Recently, I was watching the inspiring Netflix series Queer Eye, a heartwarming reality show that focuses on supporting people in reconnecting with themselves. This year Queer Eye filmed in my hometown, Austin Texas! Double joy!
Not only did I get to see humans being good to humans, but they were my dear Austin humans!
Imagine my excitement when on episode 7, “Snow White in Central Texas”, the Queer Eye team introduced us to an incredibly selfless woman named Jaime who runs an animal rescue, “Safe in Austin” – and lo and behold, one of the wonderful opportunities presented to her in the episode was a chance to participate in Equine Assisted Learning with a Natural Lifemanship trained professional! Let me explain.
About the cast of Queer Eye
On Queer Eye there are five cast members, each responsible for a different aspect of the makeover process. One of the cast members, Karamo Brown, a former social worker, always helps the guest of honor get in touch with the emotional aspects of the makeover.
In this episode, Karamo took Jaime to a resort called Miraval, for rest and relaxation, as well as an equine experience with the talented Leigh Wright! Leigh has been learning with Natural Lifemanship since 2019 and her understanding of our approach is made clear in her facilitation of Jaime’s session.
A quick recap of what Natural Lifemanship does
At NL, we teach professionals a principle-based approach to Equine Assisted Services, based on the science of relationships, that can be integrated into their work with clients.
At the beginning of her session, Jaime was introduced to several horses and encouraged to feel into choosing which horse she wanted to work with. This is an approach NL advocates for, as it allows a real connection to begin to unfold between horse and human that is fully of their own making. Rather than Leigh choosing a horse for Jaime, Jaime got to experience the emotional process of choosing for herself.
Once chosen, Jaime and her horse entered a round pen in order for both to move freely while the two got to know each other.
Freedom of movement is so important for both the horse’s and Jaime’s regulation, as well as a part of freedom of choice – a fundamental principle of Natural Lifemanship.
Jaime and the horse both needed to be able to move into and out of proximity of one another in order to take care of themselves, regulate, and make choices. Jaime described how in her life she cared for everyone else, often putting herself last. Leigh encouraged Jaime to practice “making a request”.
What makes this unique to NL?
In Natural Lifemanship, making a request is the crux of the work. While it is enjoyable and often soothing to be near a horse and ask for very little (except perhaps allowing petting!), it is when we decide to make a clear request that vulnerability enters the equation. This is when we begin to really feel the sensations and emotions of what it means to be in a relationship.
When we ask for something, we are allowing the other to have an impact on us, we are communicating a need, and have to wait for the response. To do so, without assuming control of the whole dynamic, can feel daunting and bring up powerful feelings.
As I watched Jaime navigate this truth for herself, I was struck by how impactful this moment can be. Leigh offered kind and empathic support, while also observing Jaime’s difficulties to bring them into her awareness. As they continued, Leigh also suggested that Jaime might try asking for space – using the word “detachment”. Considering what I learned earlier in the episode about Jaime taking on the weight of the world and leaving her own care at the absolute bottom of her list – I thought this was another powerful insight from Leigh.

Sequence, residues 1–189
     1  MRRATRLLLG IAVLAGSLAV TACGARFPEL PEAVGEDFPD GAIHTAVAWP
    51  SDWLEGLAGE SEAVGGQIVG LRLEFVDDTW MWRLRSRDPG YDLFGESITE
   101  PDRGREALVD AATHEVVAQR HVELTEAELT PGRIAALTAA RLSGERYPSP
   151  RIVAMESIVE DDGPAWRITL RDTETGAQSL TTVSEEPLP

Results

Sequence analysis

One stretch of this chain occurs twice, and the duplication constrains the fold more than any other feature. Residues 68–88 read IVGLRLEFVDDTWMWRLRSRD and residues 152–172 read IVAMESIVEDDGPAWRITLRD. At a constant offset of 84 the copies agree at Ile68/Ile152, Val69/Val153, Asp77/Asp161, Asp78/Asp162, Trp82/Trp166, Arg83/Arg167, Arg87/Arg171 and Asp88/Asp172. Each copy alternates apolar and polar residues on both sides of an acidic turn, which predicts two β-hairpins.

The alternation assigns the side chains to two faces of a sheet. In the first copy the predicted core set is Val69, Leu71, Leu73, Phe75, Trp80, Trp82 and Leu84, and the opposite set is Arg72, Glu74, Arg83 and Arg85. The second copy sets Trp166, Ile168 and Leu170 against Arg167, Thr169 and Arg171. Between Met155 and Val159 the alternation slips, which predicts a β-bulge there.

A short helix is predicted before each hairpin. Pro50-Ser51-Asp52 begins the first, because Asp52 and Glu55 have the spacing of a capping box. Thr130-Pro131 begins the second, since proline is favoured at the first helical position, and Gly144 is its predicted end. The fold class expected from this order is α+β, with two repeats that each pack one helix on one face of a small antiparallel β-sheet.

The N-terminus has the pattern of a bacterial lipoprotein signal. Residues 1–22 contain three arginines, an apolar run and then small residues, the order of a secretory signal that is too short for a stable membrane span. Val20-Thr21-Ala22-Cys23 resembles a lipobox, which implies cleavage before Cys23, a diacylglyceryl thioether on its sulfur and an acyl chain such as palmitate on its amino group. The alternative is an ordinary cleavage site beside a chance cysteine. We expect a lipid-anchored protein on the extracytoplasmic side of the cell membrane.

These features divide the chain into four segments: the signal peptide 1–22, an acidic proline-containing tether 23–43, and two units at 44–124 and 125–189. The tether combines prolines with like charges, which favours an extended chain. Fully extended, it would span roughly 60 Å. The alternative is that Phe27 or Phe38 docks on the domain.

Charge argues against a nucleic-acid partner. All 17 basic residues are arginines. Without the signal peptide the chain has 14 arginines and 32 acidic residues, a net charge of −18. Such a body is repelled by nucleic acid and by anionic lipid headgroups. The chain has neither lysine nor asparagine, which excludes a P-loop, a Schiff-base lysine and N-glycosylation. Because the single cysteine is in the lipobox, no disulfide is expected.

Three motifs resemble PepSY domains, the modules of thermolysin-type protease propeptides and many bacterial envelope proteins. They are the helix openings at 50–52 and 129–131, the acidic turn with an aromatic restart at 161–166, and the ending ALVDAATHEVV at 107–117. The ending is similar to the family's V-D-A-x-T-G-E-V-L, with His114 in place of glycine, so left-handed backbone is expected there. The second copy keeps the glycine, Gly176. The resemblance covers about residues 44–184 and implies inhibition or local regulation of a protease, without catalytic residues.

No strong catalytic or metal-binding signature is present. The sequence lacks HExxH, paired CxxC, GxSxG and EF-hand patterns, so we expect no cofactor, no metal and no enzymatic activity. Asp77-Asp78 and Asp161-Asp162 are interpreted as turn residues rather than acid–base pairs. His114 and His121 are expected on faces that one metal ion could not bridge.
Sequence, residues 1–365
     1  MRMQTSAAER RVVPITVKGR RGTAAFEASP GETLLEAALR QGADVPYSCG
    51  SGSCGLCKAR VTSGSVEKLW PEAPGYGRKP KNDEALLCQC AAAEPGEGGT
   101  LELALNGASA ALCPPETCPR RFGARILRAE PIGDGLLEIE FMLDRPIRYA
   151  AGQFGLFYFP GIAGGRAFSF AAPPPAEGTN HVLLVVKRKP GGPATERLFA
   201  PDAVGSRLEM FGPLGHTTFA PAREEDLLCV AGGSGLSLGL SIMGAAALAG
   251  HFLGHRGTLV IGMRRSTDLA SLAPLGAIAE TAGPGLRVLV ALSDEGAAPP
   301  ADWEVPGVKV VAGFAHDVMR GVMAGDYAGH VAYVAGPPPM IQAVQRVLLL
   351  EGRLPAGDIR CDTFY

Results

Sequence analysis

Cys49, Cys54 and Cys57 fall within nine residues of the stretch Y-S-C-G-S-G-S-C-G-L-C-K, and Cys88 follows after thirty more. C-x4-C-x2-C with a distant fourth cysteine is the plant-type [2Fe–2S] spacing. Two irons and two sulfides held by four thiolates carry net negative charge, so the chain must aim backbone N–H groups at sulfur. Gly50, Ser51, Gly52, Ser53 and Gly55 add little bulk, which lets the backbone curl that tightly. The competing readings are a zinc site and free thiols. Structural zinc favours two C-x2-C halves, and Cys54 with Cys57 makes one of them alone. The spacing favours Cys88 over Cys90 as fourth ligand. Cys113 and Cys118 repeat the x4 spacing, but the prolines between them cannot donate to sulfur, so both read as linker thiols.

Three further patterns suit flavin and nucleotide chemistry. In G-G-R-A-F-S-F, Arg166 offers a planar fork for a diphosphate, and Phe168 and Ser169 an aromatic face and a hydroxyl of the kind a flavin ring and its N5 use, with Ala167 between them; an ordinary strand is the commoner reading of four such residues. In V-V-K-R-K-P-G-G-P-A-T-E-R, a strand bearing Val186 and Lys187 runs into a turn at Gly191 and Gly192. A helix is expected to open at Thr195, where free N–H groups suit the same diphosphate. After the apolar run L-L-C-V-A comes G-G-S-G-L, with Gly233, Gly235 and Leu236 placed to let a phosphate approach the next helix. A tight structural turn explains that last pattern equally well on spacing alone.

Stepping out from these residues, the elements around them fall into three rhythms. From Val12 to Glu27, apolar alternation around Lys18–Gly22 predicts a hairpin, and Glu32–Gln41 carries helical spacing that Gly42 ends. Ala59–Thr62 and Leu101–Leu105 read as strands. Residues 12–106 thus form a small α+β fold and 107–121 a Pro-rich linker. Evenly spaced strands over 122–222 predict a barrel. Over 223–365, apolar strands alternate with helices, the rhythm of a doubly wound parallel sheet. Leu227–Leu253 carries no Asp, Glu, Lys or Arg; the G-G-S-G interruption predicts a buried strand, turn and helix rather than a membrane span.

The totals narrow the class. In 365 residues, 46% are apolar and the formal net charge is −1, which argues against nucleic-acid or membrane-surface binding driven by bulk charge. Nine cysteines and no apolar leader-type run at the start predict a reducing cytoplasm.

Diving deeper into “connected detachment”
Jaime really did not want to ask for “detachment” – the word coined by Natural Lifemanship to describe the aspect of a relationship that requires some structure and separation, while still maintaining an internal sense of connection (rather than constant nurture and physical closeness).
Detachment is often difficult for people (and horses!) because when we create space between us, we have to trust that our connection can still be strong. Jaime bravely practiced this in her session, and with Leigh’s warm support, she was able to ask for space and still maintain a connection! Confidence lit a smile on Jaime’s face afterwards!
In this small amount of time together, Jaime felt, in her body, what it meant to make a request of others and ask for space when needed – all without hurting the relationship she had begun with her horse. It was eye-opening for her. A beginning, of course, but a good beginning!
While Leigh has studied other models and uses her own blend of approaches, her integration of Natural Lifemanship principles into her work was a pleasure to see.
Way to go, Leigh!!!
You can integrate the NL approach into your life and practice
What we teach at NL is not a specific series of techniques or activities or interventions. Learning Natural Lifemanship means learning principles and the science of relationships so that you can integrate it into your practice in the way that best serves you and your clients.
Want to learn more about Natural Lifemanship and the principles used in Queer Eye? We would love to connect with you! Registration for the Fundamentals of Natural Lifemanship opens soon!
Thank you, Leigh, for your poignant demonstration of an Equine Assisted Learning session!
Thank you, Queer Eye, for bringing the power of Equine Assisted Activities to the public!
Want to support the incredible work of Safe in Austin?
Please visit their donations page.